21st Century Games and Interaction

Games come in several basic categories of interaction. Some games are played solo, some with 1 or more partners and some in competition with one or more groups. In order for game play to be successful its users must be socialized to the degree that they know anti-social behavior will end the game or at least others will leave. That is, games reinforce the need for social skills and the value of others.

Some games come built in to the computer. Others can be found online or can be purchased and installed. The Internet arena adds certain new characteristics to game play, including the ability to play a game live with others between any two or more points on the globe and include an audience. Digital games also begin to teach us about basic characteristics of the computers that play and manage the games. Let's try some introductory experiments that will also teach us about Web conferencing software, another form of digital interaction.


chess board in play, 60% orginal size

A Chess game called Chess Titans is included in Windows Vista and Windows 7 (in more advanced versions of the OS). The game of Chess also comes for free with the Macintosh operating system. To find the game on your Mac, click the hard drive symbol on the desktop, open the Application folder and double-click on the application called Chess. Next, select Game, then New and make some decisions. Though it is possible to play human against the computer at different degrees of difficulty, set the Players choice to Human vs. Human. Use the Preferences command under File allows changes to the look of the board and its pieces. The above picture shows marble pieces playing on a grass covered board.

Here are some "ice-breaker" options for Web conferencing interaction that your instructor may require:

  1. Divide the class into those who know the game and those who don't and partner up so that the knowledgeable teach the newbies.
  2. One partner should use the Windows operating system and one the Mac. On these dual-boot Mac computers, hold down the Option key during a computer restart/startup to switch to the other operating system. One team in the classroom should have one partner using the Smartboard and its touch screen capacity.
  3. In Web conferencing software, one person shares their screen with their partner or team and/or audience and shares control of the screen using their keyboard, trackpad or mouse. The instructor will demonstrate this with a small group. Some Web conferencing software will allow the set up of online rooms for game play and then the instructor can designate which players go in which rooms, otherwise each person needs their own Web conferencing account, which is provided free to all WCU students that wish an account. All persons in the room will need to have presenter status, meaning extra controls will be available. The two chess game players both need to have "move" rights to the board. That is, a person sitting at one computer will be able to control actions on the screen of another person over the network. Take 10 minutes and see how many moves into the game you can get while teaching your partner. Black goes first.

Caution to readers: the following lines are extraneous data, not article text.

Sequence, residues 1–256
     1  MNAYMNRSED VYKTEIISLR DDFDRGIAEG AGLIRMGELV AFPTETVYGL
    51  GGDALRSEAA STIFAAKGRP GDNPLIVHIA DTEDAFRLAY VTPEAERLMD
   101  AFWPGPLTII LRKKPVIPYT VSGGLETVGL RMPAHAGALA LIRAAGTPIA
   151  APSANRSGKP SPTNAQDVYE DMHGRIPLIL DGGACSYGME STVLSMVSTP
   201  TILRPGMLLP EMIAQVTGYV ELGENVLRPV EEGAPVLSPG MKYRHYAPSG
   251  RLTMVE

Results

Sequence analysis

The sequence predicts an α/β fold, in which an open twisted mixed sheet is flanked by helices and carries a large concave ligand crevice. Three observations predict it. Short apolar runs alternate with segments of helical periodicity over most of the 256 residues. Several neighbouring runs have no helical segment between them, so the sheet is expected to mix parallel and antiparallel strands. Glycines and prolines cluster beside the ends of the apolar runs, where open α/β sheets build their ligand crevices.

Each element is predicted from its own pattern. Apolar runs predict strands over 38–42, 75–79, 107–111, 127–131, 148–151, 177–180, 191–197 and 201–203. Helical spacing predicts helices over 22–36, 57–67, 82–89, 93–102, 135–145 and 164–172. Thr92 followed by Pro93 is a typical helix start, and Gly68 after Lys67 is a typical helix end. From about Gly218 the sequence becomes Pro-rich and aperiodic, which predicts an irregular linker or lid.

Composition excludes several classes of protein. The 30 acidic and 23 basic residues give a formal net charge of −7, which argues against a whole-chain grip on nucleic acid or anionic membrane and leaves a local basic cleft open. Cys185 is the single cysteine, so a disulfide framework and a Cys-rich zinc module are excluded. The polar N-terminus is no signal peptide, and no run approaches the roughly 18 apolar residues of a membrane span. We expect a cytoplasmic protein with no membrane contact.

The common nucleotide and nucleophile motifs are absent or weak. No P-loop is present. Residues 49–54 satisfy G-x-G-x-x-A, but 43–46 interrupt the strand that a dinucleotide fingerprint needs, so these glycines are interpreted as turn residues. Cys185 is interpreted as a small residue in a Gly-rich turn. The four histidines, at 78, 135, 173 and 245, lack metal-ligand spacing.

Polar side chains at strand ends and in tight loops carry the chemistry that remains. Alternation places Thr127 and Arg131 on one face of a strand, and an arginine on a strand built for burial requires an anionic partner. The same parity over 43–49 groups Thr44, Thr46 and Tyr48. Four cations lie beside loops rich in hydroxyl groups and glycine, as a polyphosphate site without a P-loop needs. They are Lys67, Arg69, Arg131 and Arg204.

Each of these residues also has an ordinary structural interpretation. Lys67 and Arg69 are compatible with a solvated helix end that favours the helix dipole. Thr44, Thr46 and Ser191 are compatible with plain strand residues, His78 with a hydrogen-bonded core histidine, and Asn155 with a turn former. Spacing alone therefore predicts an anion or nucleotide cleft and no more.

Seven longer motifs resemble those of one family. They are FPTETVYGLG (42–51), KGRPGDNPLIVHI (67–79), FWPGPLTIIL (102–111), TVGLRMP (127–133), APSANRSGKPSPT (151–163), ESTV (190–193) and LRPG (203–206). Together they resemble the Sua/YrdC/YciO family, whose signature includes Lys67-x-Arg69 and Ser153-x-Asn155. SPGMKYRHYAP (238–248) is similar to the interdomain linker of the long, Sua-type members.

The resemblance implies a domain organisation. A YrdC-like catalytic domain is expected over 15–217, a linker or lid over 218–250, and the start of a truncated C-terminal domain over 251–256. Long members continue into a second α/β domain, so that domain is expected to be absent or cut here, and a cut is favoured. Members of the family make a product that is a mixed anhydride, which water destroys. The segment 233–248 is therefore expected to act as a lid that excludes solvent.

4. Next, switch the sharing of the screen and operating systems. Find the button the Web conferencing software that ends sharing for the first computer's chess board and allow sharing from the other computer. Find a person from a different team to use the SmartBoard.
  5. Before the next game with the new board begins, write down what this activity teaches about computer and network capacity.


How might the capacity just demonstrated be used instructionally in classrooms?


Find a partner to share with from your classmates and select a date in the next 2 weeks in which you will practice Web conferencing between your two school classrooms after school. How well does the audio and screen sharing work? Can you hear each other with ease? Does the network slow down the screen interaction or does it work well enough? Use the archiving button to record the last 60 seconds of your testing in which you review how well things are working. As soon as you have the file archived from your mutual discussion, upload the file in the School Based Web Conference Test 1 assignment link in Blackboard. If you do not have a projection system or interactive whiteboard in your classroom, please see your instructor for options. Do see your instructor for the calendar deadline in posting the archive of your web conferencing session.

Also, begin to plan your first lesson or activity that you will co-teach with your partner's classroom. If you have an interactive whiteboard, get to know how that software operates by finding the tutorials for it in Atomic Learning (whose link is in Blackboard). You will want to begin to use it when you co-teach and this will take some practice.


The chapter parent page to this page on 21st Century Games and Interaction - Houghton updated May 11, 2013